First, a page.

The rise of hate

By Nicholas Burns | May 23, 2013


Earlier this month, neo-Nazi lawmaker Panagiotis Iliopoulos was ejected from Greece’s parliament while shouts of “Heil Hitler” were heard in the chamber, in a recent incident involving his far-right party.

In Athens, a popular far-right party condemns Jews as a source of the country’s misfortune and recycles the ancient lie depicting them as “Christ killers.” In Hungary, the prime minister fails to disassociate himself convincingly from an anti-Semitic and increasingly powerful fascist group. Scenes from Europe in the 1930s? No. Both examples, sadly, of European politics today.

The Greek organization is Golden Dawn, now the third most popular party in the birthplace of democracy. The Hungarian party is Jobbik, which is rising in influence. Nearly 70 years after the defeat of Hitler, Mussolini, and European fascism in the Second World War, hateful, right-wing ideology has returned in nearly every European country. While none of these parties is strong enough to win power, they are often violent and aggressive. And they are intolerant of immigrants, Jews, and other minority groups that don’t fit their twisted definition of what Greeks, Hungarians, and other Europeans should look like.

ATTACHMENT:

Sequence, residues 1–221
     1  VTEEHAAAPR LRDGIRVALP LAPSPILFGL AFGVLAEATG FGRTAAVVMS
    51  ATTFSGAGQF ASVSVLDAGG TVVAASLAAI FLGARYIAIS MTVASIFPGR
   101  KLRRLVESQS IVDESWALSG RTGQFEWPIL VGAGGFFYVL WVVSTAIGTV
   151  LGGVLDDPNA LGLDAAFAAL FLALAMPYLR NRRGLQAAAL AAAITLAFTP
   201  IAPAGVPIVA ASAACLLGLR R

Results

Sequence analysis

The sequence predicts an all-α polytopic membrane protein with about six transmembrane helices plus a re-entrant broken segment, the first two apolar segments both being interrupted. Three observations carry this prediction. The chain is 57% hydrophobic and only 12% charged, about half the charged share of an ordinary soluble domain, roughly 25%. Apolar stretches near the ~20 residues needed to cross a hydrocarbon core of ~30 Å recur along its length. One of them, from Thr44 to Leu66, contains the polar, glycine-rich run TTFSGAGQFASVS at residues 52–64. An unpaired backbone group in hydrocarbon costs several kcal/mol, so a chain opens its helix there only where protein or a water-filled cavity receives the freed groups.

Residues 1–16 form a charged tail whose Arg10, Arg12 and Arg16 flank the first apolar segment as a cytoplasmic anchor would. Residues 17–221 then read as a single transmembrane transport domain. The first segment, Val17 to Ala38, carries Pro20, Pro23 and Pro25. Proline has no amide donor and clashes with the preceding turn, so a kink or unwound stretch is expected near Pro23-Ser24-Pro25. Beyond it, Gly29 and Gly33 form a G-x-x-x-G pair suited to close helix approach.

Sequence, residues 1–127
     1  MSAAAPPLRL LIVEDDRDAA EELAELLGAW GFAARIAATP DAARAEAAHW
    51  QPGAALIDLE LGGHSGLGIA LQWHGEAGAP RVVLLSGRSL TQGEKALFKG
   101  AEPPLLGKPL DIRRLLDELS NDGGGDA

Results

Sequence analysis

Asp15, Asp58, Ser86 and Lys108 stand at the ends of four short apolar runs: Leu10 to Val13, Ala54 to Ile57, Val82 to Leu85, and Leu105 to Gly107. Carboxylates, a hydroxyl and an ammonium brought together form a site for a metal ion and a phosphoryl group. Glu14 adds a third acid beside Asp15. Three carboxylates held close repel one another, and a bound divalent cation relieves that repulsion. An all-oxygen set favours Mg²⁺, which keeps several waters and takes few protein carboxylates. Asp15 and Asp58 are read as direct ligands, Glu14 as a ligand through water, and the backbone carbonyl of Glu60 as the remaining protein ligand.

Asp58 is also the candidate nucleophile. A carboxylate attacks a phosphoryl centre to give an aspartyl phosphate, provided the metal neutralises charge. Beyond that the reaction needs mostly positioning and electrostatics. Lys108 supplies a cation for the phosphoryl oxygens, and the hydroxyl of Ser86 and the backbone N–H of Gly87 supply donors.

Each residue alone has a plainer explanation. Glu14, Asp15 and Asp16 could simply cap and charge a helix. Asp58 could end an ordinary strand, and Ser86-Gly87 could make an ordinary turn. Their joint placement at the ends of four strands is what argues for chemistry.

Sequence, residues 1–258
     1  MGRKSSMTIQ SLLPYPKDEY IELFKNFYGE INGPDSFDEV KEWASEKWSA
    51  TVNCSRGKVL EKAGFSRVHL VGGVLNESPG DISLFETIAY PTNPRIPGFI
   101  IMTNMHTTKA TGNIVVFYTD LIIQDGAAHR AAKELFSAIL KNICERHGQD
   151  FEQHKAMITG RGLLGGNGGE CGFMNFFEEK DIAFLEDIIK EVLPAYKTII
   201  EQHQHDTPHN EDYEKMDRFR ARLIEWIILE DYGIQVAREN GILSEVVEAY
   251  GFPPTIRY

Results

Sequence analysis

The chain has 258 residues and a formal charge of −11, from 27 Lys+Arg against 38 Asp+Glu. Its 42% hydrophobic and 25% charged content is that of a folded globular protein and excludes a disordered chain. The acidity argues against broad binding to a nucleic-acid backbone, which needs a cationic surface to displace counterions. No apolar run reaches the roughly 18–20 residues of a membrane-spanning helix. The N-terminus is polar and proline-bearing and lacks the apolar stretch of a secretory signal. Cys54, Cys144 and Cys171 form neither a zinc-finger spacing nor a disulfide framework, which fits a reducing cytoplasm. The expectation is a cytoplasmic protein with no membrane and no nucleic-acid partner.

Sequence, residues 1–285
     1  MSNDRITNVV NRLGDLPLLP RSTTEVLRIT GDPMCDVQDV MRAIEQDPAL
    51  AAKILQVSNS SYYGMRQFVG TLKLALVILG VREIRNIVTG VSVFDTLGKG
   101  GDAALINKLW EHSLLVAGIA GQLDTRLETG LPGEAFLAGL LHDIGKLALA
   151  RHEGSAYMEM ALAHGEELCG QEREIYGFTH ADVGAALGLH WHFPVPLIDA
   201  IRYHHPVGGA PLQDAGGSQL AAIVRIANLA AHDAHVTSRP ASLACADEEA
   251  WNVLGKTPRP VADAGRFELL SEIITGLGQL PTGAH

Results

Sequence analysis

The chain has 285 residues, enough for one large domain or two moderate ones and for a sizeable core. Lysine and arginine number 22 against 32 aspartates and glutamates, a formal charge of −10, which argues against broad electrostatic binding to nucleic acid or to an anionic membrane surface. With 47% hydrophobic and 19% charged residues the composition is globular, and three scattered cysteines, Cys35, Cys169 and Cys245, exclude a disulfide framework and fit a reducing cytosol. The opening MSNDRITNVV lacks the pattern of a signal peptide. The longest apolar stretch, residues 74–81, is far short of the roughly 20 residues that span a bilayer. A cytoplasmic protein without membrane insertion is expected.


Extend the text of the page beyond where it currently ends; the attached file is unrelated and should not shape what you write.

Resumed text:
Golden Dawn has drawn worldwide attention for its crude bigotry, race-baiting, and use of the swastika and Nazi salute. Long an obscure cellar dweller in Greek politics, it has risen steadily in the polls as Greece’s economic crisis has worsened during the past three years. In the 2012 national elections, Golden Dawn surprised by winning 7 percent of the vote and 18 seats in the Greek Parliament. It is now at over over 11 percent in recent polls. Party legislators brawled with leftists in the Greek parliament last week. Earlier this month, another Golden Dawn leader tried to punch the mayor of Athens at a charity event and, in missing, hit a 12-year-old girl instead….

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